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Minerva Urologica e Nefrologica 2018 April;70(2):152-61

DOI: 10.23736/S0393-2249.17.02874-0

Copyright © 2017 EDIZIONI MINERVA MEDICA

language: English

Leisure time physical activity and risk of prostate cancer: a dose-response meta-analysis

Feng LIU 1, Jing WANG 1 , Hai-Long WU 1, Hui WANG 2, Jian-Xiang WANG 1, Rui ZHOU 1, Zhi ZHU 3

1 Department of Surgery, Puai Hospital, Tongji Medical College, Huazhong University of Science and Technology, Wuhan, China; 2 Department of Gastroenterology, Puai Hospital, Tongji Medical College, Huazhong University of Science and Technology, Wuhan, China; 3 Department of Epidemiology and Biostatistics, Tongji Medical College, Huazhong University of Science and Technology, Wuhan, China



INTRODUCTION: Physical activity (PA) may be a protect factor against prostate cancer (PCa). We aim to investigate and establish the potential relationship between leisure time PA and PCa.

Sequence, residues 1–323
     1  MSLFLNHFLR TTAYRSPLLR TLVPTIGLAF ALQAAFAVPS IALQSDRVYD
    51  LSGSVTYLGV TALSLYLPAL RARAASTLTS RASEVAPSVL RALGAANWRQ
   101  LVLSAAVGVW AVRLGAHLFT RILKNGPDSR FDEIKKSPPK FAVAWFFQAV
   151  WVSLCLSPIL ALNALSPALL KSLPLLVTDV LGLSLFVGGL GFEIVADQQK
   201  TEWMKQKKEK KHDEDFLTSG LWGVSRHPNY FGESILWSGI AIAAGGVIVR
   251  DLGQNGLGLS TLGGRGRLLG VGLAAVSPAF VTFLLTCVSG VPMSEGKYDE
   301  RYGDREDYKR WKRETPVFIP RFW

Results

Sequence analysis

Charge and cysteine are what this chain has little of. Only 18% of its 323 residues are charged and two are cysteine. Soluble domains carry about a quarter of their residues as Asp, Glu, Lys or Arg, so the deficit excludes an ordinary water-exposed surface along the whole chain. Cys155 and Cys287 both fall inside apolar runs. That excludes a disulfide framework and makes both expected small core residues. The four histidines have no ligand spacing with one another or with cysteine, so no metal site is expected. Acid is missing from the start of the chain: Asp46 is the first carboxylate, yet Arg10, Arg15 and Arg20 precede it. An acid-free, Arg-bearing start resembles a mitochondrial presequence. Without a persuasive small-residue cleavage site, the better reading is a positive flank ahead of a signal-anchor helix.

EVIDENCE ACQUISITION: PubMed, Embase databases were searched for eligible studies (cohort) before Aug-11, 2016. We conducted a meta-analysis to pool the dose-specific effects between leisure time PA and PCa. Subgroup analysis was employed to investigate the potential variation among each group. Sensitivity analysis was used to examine whether our results were stable.
EVIDENCE SYNTHESIS: Twenty-one cohort studies were identified, with a total of 803,872 subjects and 28,707 PCa cases. In our meta-analysis, no obvious evidence of non-linear relationship was observed. The RRs of each 500 MET-s/week increment of leisure time PA was 1.00 (95% CI: 0.99-1.01) for total PCa, 1.00 (95% CI: 0.98-1.01) for local PCa, and 1.00 (95% CI: 0.98-1.02) for advanced PCa. In subgroup analysis, for Americans, the RR of each 500 MET-s/week increment of leisure time PA was 1.00 (95% CI: 0.99-1.01); and for Europeans the RR was 1.00 (95% CI: 0.99-1.01). Sensitivity analysis suggested our results were stable.
CONCLUSIONS: Current evidence based on observational studies suggests no obvious association between leisure time activity and risk of prostate cancer, regardless of total PCa, local PCa, or advanced PCa.


KEY WORDS: Leisure activities - Exercise - Prostatic neoplasms - Meta-analysis

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